A group suing J.P. Morgan Chase and other Wall Street banks over a loan that went sour four years ago is alleging the underwriters engaged in securities fraud. If successful, the lawsuit could radically transform the $1.2 trillion leveraged lending market.
The defendants say there's one key problem — unlike bonds, loans aren't securities. As a result, they've filed a petition asking the court to dismiss the suit on those exact grounds.
The debate strikes at the heart of the leveraged loan market, which in recent years has come to look strikingly similar to the higher-profile one for junk-rated bonds. The standardization of loan terms, the deterioration of covenants and the growth of secondary trading continue to blur the lines between the two. Should the plaintiff ultimately prevail, it would dramatically alter how American companies raise debt, according to two industry groups that filed a brief supporting the defendants' argument last week.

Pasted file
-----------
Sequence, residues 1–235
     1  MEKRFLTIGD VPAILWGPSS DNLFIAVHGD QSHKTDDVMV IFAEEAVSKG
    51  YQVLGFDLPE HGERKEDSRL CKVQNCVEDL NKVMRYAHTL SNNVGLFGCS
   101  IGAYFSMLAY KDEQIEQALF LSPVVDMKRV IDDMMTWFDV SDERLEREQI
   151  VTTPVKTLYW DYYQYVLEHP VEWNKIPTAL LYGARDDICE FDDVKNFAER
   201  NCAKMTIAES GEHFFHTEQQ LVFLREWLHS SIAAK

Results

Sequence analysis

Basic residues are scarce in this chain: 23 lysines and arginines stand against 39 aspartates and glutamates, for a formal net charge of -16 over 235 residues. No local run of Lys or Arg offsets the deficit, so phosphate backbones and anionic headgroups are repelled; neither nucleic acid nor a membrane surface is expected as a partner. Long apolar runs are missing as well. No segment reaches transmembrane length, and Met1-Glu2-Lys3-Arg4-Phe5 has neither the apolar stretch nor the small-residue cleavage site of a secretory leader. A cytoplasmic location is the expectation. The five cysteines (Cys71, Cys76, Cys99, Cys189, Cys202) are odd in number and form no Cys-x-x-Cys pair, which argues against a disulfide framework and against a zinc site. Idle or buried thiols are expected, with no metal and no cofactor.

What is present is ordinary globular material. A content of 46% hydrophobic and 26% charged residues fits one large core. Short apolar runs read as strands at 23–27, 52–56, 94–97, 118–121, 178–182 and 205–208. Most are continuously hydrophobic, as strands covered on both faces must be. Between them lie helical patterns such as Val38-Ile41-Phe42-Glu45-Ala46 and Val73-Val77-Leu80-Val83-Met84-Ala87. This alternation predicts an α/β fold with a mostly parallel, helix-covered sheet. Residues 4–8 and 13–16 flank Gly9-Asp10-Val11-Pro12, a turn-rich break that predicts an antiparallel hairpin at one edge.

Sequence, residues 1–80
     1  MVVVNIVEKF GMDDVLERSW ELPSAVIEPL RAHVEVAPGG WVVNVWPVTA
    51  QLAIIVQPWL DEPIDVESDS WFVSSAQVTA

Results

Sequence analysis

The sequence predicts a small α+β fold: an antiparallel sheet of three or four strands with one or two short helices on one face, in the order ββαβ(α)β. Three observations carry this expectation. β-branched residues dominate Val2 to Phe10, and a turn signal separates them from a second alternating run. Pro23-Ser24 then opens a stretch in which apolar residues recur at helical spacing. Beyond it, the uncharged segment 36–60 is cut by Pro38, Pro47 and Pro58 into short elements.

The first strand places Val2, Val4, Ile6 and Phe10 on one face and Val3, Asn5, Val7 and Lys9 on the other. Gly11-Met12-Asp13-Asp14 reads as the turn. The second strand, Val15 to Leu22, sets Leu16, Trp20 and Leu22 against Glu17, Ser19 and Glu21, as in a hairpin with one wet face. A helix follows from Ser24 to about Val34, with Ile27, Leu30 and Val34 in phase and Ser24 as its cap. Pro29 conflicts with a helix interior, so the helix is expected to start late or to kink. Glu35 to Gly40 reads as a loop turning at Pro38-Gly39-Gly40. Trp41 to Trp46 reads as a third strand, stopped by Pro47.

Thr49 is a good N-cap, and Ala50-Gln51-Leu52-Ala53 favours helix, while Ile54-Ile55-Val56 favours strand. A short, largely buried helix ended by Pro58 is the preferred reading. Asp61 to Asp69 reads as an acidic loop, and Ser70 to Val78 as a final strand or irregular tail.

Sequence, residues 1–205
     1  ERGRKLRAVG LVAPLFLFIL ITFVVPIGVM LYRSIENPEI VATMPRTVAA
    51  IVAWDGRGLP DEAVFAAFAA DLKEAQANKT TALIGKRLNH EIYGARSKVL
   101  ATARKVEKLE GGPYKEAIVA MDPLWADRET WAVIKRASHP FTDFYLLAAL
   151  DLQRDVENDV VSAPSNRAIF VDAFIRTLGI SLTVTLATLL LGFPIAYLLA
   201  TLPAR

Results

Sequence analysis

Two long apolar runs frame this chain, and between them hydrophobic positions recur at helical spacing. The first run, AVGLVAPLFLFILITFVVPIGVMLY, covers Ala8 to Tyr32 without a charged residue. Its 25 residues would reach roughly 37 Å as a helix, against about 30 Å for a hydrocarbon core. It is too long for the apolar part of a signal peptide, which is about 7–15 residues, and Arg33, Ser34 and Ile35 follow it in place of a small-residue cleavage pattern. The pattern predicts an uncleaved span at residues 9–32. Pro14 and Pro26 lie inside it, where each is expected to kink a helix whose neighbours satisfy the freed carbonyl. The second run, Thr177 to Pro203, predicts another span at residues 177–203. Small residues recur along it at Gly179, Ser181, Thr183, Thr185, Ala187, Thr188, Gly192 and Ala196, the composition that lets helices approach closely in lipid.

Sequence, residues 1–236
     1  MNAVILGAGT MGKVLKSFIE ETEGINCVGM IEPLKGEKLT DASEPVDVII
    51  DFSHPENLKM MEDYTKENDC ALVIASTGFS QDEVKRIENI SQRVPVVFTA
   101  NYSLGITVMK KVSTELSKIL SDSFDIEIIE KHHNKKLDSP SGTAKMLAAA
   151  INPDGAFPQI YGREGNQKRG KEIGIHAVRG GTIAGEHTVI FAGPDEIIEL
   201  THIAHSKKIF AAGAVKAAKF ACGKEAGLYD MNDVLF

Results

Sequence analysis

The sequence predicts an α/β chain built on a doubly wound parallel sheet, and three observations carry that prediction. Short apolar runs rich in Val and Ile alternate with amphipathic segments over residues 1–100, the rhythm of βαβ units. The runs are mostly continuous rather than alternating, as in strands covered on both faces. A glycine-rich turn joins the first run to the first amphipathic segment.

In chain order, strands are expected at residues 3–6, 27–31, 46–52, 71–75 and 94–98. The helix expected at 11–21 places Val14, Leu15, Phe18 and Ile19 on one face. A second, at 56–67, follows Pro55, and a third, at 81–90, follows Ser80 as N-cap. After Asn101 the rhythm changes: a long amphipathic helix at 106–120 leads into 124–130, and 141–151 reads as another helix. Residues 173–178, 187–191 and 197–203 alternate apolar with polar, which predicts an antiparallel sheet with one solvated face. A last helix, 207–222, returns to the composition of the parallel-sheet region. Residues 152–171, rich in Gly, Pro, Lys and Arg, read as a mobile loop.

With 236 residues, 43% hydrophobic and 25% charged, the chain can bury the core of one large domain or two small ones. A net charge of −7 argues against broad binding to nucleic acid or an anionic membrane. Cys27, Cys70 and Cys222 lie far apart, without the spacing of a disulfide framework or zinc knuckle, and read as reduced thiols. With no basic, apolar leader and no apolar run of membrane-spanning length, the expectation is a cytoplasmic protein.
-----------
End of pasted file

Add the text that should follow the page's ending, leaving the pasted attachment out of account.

"There are absolutely enormous market consequences if a court determines that leveraged loans are securities," said J. Paul Forrester, a partner at law firm Mayer Brown who's not involved in the litigation. "Leveraged loans and lenders would be potentially subject to the same offering and disclosure requirements as securities and would face the same regulatory oversight and enforcement consequences."